versão On-line ISSN 1885-642X
Pharmacy Pract (Granada) vol.4 no.4 Out./Dez. 2006
Community pharmacy-based intervention to improve self-monitoring of blood glucose in type 2 diabetic patients
Uta MÜLLER, Andrea HÄMMERLEIN, Annette CASPER, Martin SCHULZ.
Self-monitoring of blood glucose (SMBG) is clearly correlated with increased life expectancy and quality of life in type 2 diabetic patients.
Key words: Diabetes mellitus. Blood glucose self-monitoring. Patient education. Community pharmacy services. Germany.
El auto-control de la glucemia está claramente correlacionado con un aumento de la esperanza de vida y la calidad de vida en diabéticos tipo 2.
Palabras clave: Diabetes mellitus. Autocontrol de glucemia. Educación de pacientes. Servicios de farmacia comunitaria Alemania.
Uta MÜLLER. PhD, MPH. Research Fellow. Center for Drug Information and Pharmacy Practice, ABDA - Federal Union of German Associations of Pharmacists. Berlin (Germany).
Andrea HÄMMERLEIN. PhD. Research Fellow. Center for Drug Information and Pharmacy Practice, ABDA, Berlin (Germany).
Annette CASPER. Bayer Vital GmbH Diabetes Care, Leverkusen (Germany).
Martin Schulz. PhD. Adjunct Professor University of Frankfurt, Frankfurt (Germany), and Head, Center for Drug Information and Pharmacy Practice, ABDA, Berlin (Germany).
An important goal in the treatment of diabetes is to achieve and maintain blood glucose levels as close to normal as possible. That is why it is essential to train patients in how to effectively self-manage their diabetes,1-5 not only to improve their treatment but also to improve their quality of life. The development in the late 1970s of methods to self-monitor blood glucose levels6,7 was an indispensable prerequisite for this.
Only through regular self-monitoring of blood glucose levels (SMBG) it has become possible to coordinate drug therapy as well as food intake and exercise so that a good metabolic control can be achieved.8-10 Furthermore, it has become easier to identify asymptomatic hypo- and hyperglycemias and blood glucose fluctuations.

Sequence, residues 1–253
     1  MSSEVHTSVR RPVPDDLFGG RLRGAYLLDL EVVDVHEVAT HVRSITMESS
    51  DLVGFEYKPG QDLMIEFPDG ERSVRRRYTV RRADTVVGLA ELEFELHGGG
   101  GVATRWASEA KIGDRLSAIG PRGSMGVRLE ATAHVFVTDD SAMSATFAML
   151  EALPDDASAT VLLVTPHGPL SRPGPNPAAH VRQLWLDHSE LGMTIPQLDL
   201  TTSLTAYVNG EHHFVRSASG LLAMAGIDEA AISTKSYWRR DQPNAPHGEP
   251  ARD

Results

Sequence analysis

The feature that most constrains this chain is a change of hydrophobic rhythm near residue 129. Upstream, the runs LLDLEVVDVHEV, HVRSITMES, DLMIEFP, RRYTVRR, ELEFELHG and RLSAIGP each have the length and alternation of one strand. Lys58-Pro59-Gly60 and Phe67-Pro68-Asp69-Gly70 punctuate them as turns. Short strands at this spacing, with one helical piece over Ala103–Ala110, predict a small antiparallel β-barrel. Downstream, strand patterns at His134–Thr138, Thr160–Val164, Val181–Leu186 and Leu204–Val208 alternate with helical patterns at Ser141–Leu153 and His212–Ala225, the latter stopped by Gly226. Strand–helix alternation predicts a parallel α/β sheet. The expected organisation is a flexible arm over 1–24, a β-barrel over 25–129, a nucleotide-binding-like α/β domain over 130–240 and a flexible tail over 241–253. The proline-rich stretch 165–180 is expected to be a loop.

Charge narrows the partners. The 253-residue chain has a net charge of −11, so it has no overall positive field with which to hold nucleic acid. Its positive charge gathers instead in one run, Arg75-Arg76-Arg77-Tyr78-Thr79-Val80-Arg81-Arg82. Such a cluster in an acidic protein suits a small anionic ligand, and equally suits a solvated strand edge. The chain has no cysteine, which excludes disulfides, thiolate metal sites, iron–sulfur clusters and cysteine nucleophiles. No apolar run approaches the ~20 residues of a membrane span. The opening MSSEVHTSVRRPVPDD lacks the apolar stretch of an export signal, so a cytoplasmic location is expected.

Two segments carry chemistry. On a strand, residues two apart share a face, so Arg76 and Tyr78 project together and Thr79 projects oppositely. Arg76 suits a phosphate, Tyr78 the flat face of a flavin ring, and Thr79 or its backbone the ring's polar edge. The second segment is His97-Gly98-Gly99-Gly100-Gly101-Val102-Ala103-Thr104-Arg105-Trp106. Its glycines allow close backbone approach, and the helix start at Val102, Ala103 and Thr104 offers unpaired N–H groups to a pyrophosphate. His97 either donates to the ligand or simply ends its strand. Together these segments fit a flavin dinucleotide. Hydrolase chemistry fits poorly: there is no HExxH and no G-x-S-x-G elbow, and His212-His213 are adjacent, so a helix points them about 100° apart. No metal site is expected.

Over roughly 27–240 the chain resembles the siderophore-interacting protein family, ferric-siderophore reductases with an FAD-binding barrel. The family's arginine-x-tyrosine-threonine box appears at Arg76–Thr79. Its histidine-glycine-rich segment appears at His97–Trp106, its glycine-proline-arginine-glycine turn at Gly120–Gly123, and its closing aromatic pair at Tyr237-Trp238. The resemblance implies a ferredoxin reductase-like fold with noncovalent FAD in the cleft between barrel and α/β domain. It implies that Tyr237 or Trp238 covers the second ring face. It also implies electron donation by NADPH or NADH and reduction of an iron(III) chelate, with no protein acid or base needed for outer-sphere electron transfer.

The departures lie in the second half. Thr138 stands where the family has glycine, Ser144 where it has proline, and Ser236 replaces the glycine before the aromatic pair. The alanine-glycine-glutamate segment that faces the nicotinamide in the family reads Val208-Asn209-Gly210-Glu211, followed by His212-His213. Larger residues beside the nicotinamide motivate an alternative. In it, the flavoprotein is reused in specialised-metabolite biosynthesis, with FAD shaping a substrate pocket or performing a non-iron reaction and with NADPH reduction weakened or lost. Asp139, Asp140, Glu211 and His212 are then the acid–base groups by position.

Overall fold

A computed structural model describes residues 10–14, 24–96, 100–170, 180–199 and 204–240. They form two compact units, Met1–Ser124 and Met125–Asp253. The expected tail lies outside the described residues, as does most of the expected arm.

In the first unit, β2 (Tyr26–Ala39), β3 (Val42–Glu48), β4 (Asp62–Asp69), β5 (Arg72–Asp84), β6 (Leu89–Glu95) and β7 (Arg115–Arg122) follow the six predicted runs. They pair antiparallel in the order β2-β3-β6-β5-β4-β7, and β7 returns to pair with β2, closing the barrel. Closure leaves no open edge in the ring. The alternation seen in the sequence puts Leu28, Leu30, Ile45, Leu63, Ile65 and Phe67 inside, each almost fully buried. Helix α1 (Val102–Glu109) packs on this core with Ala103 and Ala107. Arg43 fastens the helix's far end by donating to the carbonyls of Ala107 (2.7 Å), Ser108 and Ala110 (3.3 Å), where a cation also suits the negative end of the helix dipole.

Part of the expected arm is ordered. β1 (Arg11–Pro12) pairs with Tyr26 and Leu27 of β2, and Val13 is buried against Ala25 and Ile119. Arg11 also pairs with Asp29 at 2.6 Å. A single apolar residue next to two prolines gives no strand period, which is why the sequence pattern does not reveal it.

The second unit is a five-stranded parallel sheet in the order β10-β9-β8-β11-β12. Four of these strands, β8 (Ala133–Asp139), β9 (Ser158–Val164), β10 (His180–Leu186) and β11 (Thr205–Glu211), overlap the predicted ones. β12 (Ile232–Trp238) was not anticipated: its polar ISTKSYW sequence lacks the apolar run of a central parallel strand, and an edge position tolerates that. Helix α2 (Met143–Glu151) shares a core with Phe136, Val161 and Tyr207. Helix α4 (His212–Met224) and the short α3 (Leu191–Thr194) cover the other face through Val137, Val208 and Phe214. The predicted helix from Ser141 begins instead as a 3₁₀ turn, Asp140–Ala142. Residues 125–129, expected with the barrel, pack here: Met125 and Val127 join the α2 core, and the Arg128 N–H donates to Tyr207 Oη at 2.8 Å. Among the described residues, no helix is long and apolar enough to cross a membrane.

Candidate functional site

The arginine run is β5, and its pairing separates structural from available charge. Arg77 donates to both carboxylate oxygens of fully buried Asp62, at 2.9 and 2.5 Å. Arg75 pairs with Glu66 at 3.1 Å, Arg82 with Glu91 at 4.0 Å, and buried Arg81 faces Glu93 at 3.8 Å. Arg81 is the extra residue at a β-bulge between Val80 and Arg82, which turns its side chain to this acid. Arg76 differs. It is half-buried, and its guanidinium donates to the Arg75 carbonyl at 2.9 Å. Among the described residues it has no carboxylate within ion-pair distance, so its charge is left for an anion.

According to recommendations of the German Diabetes Society (DDG), regular monitoring of blood glucose should be conducted by all persons with type 1 diabetes after they have undergone specific training. The benefit of regular SMBG in this therapy concept is evidence-based.11
For patients with type 2 diabetes the situation is more differentiated. For this group of patients, the DDG recommends blood glucose measurements when therapeutic consequences result from the readings.12 The benefit of SMBG is not disputed for intensified insulin treatment. This is different for patients who are treated only with a diabetic nutrition plan, with oral antidiabetic drugs (OAD), or with conventional insulin treatment. Until now for them SMBG was only indicated under certain circumstances e.g., for an abnormal renal threshold or pregnancy. The benefit of regular blood glucose testing for this patient group has been the subject of controversial discussion for decades.8-10,13-18 The ROSSO study provided recently clear evidence on the benefits of SMBG for type 2 diabetic patients, for the first time. For the SMBG group, the risk of developing cardiovascular diseases was about one third lower than for the group without self-monitoring, and the mortality rate was even 50% lower. Also for the subgroup of patients not receiving insulin, the morbidity risk was about a third lower and the mortality risk was about 40% lower when compared to the control group not performing SMBG.19 The ROSSO study concludes that people with type 2 diabetes benefit from SMBG, regardless of their kind of treatment.
The quality of SMBG depends on the quality of the blood glucose meter and how well the user prepares and carries out the test and performs the follow-up steps.